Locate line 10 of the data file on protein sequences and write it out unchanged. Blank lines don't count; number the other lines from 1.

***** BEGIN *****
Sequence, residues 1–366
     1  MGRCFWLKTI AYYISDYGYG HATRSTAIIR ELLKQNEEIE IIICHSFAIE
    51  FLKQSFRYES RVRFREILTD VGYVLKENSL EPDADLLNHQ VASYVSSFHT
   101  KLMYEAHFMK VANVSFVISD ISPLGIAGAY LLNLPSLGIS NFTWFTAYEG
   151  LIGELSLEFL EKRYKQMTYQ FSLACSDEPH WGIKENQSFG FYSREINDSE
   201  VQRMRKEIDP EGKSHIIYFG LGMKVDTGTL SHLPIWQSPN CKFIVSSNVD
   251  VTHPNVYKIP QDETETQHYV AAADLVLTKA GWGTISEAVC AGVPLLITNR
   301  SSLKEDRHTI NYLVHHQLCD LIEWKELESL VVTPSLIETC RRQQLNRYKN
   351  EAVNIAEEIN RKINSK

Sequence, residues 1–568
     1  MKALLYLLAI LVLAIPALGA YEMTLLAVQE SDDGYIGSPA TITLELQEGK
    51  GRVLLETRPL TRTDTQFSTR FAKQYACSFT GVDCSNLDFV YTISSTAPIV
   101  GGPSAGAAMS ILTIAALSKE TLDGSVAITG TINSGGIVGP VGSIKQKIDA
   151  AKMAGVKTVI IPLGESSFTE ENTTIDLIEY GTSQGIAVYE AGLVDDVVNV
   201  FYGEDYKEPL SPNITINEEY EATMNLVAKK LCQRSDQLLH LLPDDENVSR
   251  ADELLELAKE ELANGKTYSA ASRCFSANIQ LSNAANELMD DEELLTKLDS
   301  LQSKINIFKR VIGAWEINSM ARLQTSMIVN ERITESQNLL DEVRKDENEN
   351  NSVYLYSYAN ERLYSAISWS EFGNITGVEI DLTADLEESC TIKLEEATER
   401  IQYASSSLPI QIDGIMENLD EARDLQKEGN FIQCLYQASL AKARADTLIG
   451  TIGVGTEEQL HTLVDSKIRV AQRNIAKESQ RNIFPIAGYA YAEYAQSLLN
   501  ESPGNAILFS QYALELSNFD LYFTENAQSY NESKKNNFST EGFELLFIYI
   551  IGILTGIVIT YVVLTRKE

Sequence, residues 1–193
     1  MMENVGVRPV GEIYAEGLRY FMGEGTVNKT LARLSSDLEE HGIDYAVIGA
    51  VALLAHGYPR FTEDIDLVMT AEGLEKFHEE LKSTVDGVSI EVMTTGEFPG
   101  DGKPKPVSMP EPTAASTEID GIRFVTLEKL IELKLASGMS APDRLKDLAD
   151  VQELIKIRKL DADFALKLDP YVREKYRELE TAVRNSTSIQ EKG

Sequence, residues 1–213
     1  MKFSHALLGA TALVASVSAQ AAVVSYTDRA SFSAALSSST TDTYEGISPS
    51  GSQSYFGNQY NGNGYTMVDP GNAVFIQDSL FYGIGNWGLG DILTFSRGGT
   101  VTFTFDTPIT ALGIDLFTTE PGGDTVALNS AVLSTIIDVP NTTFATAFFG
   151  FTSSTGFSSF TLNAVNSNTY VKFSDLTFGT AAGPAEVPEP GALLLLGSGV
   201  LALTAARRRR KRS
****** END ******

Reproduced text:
Sequence, residues 1–568